Women should perform monthly self-exams to help them locate potentially cancerous masses before they spread to other parts of the body.
Women who perform these monthly tests often find lumps or irregularities and are able to seek treatment while the cancer is in an early stage (if the lump turns out to be malignant). This greatly increases the chances of survival. Women should also get annual mammograms, too, because mammograms can find small masses that are undetectable with self-exams.
There are many factors that research has shown are not linked to breast cancer. You may see information online or hear about these disproven or controversial risk factors, but it’s important to learn the facts.
Internet and e-mail rumors have suggested that chemicals in underarm antiperspirants are absorbed through the skin, interfere with lymph circulation, and cause toxins to build up in the breast, over time leading to breast cancer.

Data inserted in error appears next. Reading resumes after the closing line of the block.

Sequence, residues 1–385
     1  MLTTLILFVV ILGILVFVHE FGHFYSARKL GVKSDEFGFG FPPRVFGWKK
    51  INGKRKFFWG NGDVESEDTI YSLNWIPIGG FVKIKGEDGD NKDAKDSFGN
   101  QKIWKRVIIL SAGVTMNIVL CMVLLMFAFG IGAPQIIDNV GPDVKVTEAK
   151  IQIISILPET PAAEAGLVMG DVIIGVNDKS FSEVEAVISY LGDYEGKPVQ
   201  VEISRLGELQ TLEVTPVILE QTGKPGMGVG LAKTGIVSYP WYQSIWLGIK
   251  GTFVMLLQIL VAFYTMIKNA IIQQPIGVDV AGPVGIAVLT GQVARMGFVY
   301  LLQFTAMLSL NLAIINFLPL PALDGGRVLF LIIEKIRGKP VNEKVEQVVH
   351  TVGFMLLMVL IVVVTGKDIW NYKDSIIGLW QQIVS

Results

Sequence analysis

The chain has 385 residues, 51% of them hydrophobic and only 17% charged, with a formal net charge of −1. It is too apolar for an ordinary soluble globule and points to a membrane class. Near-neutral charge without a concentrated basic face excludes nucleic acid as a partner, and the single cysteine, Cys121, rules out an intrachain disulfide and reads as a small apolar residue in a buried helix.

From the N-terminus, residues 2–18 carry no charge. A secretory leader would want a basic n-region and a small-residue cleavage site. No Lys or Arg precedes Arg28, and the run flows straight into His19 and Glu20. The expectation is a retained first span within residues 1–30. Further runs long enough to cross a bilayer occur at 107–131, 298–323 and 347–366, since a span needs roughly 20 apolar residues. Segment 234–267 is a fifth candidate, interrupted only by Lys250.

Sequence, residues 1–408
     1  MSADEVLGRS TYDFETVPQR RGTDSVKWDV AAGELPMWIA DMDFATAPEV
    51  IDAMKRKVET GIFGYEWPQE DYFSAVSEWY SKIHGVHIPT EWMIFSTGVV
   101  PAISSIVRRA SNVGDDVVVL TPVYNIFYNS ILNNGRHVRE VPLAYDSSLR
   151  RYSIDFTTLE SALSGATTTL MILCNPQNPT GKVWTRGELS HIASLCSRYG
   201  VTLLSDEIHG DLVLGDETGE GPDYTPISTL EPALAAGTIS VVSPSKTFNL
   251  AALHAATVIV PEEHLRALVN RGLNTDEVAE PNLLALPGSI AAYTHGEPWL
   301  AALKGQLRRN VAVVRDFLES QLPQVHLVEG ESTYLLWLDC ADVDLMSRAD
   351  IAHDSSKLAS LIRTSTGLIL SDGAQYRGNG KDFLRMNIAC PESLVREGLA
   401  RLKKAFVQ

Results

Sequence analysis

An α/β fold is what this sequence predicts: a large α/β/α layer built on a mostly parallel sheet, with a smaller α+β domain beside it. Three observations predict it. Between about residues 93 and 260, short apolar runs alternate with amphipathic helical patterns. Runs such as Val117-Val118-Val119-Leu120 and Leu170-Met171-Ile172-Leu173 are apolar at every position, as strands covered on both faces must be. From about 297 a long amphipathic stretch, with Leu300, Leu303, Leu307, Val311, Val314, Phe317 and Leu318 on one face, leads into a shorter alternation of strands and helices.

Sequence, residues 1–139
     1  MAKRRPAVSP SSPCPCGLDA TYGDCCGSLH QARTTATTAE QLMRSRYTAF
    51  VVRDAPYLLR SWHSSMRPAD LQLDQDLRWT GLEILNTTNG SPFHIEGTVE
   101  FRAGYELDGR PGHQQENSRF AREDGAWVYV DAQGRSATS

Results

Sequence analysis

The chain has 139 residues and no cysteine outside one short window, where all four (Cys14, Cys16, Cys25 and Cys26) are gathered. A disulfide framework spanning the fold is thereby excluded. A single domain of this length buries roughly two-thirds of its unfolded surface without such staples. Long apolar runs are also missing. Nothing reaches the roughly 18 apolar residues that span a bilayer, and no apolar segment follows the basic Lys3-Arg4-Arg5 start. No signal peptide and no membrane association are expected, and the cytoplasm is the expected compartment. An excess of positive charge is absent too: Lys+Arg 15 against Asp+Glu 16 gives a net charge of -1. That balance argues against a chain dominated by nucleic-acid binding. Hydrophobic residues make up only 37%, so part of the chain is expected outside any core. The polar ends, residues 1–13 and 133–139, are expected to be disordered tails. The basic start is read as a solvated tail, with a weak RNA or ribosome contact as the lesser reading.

Based on the available evidence (including what we know about how the body works), there’s little if any reason to believe that antiperspirants increase the risk of breast cancer. For more information.
Internet and e-mail rumors and at least one book have suggested that bras cause breast cancer by blocking lymph flow. There’s no good scientific or clinical basis for this claim, and a recent study of more than 1,500 women found no link between wearing a bra and breast cancer risk.
Several studies have provided very strong data that neither induced abortions nor spontaneous abortions (miscarriages) have an overall effect on the risk of breast cancer. For more detailed information.
Several studies have found that breast implants do not increase the risk of breast cancer. Implants can make breast tissue harder to see on standard mammograms, but extra x-ray pictures called implant displacement views can be used to examine the breast tissue more completely.
Breast implants might be linked to a rare type of lymphoma called anaplastic large cell lymphoma. This lymphoma has rarely been found in the breast tissue around the implants. So far, though, there are too few cases to know if the risk of this lymphoma is really higher in women with implants.